Malaysia’s new army chief made his introductory visit to neighboring Singapore this week.
The Chief of Army of the Malaysian Armed Forces, General Zulkiple Kassim, was appointed last December in a series of key reshuffles in the country’s armed forces. Malaysia’s former army chief Raja Mohamed Affandi Raja Mohamed Nor was elevated to chief of armed forces following the retirement of Zulkifeli Mohamed Zin, while Royal Malaysian Air Force chief Roslan Saad was replaced by his deputy Affendi Buang.
This week, Zulkiple was in Singapore from February 8 to February 10 for his first trip to the country.
During his visit, he called on his counterpart Major-General Melvyn Ong after inspecting a guard of honor at Singapore’s defense ministry (MINDEF). He also called on Singapore’s Defense Minister Ng Eng Hen and visited Headquarters 3rd Singapore Division.
In a Facebook post on his meeting with Zulkiple, Ng said both of them had “affirmed the solid defense relations between Singapore and Malaysia and to work together in increasingly uncertain geopolitical environment.”
Both Malaysian and Singaporean leaders have been expounding on the various challenges within this “uncertain geopolitical environment.” For instance, in an address to the annual IISS Fullerton Forum in Singapore last month ahead of the Shangri-La Dialogue later this year, Malaysia’s Defense Minister Hishammuddin Hussein outlined a series of challenges that the Southeast Asian state faced, including the rise of populism and the retreat of globalization; the continued threat of the Islamic State; cyber and fake news; humanitarian disasters; and environmental degradation (See: “What’s Next for Malaysia’s Cyber War?”).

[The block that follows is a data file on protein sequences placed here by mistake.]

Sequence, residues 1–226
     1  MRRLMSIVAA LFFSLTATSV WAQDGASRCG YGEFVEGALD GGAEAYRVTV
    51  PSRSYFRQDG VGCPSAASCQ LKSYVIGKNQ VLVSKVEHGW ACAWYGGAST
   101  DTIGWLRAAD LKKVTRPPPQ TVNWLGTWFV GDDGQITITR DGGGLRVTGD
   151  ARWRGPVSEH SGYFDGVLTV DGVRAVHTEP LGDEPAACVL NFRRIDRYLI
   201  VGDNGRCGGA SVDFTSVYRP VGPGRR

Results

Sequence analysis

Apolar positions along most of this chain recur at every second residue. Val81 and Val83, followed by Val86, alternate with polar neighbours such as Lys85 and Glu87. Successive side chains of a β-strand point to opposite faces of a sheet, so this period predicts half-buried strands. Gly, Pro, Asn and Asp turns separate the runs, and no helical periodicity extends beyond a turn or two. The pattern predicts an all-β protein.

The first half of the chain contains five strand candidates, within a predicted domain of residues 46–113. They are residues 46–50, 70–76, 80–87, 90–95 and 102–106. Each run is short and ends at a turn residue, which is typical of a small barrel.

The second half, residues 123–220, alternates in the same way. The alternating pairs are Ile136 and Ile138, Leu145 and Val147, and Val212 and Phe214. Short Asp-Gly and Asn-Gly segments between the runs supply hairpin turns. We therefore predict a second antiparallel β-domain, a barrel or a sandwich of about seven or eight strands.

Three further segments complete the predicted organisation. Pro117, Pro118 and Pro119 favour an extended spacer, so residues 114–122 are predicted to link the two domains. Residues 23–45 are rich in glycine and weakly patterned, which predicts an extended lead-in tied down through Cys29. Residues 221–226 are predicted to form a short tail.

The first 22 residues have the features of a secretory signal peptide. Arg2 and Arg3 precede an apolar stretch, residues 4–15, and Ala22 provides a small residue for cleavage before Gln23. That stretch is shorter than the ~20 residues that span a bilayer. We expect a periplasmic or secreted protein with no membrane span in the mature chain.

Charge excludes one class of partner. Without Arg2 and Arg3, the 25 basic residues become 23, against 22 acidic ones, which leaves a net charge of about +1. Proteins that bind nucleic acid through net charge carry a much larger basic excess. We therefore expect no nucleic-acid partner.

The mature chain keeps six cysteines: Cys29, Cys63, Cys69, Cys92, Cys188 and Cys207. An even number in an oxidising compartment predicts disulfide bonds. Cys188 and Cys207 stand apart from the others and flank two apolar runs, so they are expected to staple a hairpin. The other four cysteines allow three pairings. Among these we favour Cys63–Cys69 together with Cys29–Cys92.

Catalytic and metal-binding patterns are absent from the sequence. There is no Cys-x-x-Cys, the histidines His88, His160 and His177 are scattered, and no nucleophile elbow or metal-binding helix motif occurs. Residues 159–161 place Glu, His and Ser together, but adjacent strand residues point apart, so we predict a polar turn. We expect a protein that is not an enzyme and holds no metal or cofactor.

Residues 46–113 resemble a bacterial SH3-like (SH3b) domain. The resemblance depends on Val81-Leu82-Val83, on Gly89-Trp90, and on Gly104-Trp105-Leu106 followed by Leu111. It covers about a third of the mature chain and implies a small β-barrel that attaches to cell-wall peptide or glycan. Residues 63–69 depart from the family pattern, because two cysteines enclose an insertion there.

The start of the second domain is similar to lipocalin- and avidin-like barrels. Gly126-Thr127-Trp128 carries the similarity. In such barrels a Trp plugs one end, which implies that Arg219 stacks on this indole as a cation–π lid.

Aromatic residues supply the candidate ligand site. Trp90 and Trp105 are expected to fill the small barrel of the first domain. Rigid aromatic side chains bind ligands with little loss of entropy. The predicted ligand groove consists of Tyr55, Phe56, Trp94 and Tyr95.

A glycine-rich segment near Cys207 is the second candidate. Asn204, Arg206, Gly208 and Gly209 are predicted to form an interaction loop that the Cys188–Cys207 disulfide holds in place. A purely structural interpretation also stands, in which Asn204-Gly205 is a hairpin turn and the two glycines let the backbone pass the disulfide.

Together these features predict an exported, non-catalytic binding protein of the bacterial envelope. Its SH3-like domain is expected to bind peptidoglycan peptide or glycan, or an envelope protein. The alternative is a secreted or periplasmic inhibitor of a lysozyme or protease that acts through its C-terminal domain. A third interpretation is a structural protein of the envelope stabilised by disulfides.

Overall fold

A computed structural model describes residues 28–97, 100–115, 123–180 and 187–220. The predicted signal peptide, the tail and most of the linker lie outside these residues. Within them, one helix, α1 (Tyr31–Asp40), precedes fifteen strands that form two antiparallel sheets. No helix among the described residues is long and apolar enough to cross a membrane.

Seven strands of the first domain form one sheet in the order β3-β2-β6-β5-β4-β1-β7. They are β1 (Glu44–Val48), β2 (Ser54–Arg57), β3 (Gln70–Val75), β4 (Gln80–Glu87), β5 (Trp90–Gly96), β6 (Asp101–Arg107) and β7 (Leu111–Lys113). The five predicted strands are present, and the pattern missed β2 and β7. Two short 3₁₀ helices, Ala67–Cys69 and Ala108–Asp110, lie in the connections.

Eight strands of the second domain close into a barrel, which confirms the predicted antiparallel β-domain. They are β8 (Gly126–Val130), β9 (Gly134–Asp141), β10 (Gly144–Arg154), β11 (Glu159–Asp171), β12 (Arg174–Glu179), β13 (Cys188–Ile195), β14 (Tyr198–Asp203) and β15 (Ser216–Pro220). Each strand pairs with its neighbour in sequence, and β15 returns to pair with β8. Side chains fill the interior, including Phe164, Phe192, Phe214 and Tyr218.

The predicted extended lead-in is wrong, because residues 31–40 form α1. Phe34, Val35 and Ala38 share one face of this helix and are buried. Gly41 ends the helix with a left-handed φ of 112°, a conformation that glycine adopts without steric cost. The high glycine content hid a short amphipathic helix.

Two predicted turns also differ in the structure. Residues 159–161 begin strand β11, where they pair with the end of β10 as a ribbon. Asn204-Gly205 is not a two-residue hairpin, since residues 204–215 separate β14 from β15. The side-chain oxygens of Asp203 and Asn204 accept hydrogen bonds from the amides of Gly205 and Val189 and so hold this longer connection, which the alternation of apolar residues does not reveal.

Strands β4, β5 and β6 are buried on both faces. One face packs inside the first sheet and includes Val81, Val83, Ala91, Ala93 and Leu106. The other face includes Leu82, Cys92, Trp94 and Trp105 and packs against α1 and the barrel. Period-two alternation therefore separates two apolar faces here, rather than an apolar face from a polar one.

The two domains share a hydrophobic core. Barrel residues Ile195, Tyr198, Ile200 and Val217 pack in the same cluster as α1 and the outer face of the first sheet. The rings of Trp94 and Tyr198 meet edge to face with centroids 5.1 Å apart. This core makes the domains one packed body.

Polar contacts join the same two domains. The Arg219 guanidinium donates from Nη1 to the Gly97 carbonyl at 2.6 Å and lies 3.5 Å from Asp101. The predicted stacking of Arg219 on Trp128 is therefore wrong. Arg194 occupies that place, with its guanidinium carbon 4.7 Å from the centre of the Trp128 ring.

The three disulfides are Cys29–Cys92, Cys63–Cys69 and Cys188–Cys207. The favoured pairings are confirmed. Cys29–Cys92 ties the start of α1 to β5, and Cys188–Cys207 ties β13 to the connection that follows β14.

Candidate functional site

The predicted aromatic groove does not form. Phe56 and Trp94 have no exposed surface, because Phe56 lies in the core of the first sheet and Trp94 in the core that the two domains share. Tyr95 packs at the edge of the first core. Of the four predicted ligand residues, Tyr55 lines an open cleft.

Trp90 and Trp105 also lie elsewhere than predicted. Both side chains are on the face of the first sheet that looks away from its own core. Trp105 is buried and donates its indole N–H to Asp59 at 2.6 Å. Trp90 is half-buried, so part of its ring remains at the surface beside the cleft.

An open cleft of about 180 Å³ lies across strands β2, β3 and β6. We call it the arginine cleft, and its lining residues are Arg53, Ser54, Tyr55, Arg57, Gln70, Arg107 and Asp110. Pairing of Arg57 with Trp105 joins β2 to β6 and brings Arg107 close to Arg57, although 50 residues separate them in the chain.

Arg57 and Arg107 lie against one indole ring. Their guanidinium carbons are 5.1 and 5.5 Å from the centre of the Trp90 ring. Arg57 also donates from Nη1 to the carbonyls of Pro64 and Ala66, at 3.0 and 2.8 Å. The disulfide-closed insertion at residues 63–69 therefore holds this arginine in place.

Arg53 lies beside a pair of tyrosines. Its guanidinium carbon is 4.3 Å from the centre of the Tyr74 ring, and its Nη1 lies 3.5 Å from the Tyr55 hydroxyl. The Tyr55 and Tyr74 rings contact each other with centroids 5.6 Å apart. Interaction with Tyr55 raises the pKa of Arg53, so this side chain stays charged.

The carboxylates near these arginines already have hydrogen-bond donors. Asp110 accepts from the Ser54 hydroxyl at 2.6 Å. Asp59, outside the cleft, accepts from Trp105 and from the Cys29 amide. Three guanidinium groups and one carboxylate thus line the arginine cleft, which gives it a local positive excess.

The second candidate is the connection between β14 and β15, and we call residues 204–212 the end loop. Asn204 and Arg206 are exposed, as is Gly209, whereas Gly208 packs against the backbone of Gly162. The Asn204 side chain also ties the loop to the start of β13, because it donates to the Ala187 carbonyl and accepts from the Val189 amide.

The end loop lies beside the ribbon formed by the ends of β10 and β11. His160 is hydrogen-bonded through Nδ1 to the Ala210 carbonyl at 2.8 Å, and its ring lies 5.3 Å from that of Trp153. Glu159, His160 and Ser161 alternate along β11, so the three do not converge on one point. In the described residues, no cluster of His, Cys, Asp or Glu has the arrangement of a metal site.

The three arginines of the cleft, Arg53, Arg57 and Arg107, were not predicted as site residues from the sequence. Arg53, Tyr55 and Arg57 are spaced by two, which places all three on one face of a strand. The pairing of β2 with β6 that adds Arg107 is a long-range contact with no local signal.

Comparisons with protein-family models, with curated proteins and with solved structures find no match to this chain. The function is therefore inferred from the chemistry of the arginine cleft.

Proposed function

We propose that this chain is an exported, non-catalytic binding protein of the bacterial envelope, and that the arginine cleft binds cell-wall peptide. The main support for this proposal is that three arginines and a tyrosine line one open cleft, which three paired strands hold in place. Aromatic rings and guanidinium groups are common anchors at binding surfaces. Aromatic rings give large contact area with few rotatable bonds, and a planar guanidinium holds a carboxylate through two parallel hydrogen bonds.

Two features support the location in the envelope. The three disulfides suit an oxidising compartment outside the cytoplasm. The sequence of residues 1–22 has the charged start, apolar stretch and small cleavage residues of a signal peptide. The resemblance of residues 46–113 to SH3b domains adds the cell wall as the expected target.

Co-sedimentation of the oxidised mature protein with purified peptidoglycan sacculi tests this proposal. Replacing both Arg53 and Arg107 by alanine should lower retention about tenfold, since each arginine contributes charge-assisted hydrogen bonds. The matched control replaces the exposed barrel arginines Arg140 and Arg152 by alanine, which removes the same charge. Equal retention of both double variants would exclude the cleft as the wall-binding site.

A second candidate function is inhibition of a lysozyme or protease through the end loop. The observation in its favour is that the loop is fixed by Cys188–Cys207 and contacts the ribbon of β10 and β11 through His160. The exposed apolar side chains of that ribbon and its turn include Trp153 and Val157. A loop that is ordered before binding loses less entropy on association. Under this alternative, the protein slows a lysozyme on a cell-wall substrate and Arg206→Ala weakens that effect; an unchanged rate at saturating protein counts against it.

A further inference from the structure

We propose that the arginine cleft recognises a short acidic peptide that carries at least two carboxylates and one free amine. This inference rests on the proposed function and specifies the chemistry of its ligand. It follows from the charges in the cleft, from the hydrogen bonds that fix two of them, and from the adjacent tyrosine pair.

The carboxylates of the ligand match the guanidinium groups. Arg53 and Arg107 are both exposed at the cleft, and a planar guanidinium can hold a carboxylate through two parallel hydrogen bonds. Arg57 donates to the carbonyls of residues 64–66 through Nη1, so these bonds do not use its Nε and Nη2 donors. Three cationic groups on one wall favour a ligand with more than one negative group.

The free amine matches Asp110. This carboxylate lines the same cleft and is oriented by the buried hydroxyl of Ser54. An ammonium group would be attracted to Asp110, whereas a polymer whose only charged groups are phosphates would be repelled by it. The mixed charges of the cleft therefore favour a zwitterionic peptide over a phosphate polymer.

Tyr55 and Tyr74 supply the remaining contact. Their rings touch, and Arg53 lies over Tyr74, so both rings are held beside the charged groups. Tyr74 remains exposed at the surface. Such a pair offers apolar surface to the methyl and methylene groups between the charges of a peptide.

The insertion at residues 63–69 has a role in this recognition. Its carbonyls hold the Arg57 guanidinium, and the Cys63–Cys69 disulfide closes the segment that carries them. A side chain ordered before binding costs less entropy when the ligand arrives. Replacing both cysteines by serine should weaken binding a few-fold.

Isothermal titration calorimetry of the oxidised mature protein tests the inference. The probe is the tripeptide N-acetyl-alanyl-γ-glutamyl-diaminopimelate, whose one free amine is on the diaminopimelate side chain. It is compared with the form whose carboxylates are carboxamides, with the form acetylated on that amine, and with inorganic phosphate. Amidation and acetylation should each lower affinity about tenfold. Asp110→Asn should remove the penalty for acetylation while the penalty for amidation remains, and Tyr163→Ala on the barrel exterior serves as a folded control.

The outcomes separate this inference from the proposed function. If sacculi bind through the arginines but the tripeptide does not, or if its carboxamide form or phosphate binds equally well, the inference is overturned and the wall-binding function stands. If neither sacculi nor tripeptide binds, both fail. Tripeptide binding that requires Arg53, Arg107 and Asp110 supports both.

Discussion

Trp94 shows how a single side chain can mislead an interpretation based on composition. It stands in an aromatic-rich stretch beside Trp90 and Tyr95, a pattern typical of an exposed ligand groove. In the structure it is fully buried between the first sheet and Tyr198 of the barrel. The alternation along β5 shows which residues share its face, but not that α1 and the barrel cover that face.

As I have mentioned previously, Malaysia is confronting these threats amid the structural challenge of how to boost its defense budget amid a difficult economic position (See: “What Does Malaysia’s 2016 Defense Budget Mean?”). As an indicator of these constraints, last October, the country announced a defense budget that represented a 12 percent cut from the previous year, the largest made to defense since 1998 when it was reeling from the Asian Financial Crisis (See: “Malaysia’s New China Warships Deal: Promises and Prospects”).
And in an address at a commissioning parade last December, Singapore’s President Tony Tan stressed that as a small island state with an open economy, the country was susceptible to a variety of regional and global conventional and unconventional threats in a “dangerous and uncertain world,” including extremist ideologies, piracy, pandemics, and terrorism which he called a “clear and present” menace. The city-state faced a number of incidents in 2016 that highlighted this, from a failed terror plot to launch a rocket into Singapore from Batam to the seizure of Terrex infantry carrier vehicles.
But Zulkiple’s trip also came amid some uncertainty in the bilateral relationship too, which unsurprisingly did not make the public statements issued. Malaysia’s revival of a decades-old dispute with Singapore earlier this month over the islet of Pedra Branca/Batu Puteh – which was ruled as being under the city-state’s sovereignty by the International Court of Justice in 2008 – has cast a pall over a relationship that had otherwise been quite stable over the past few years.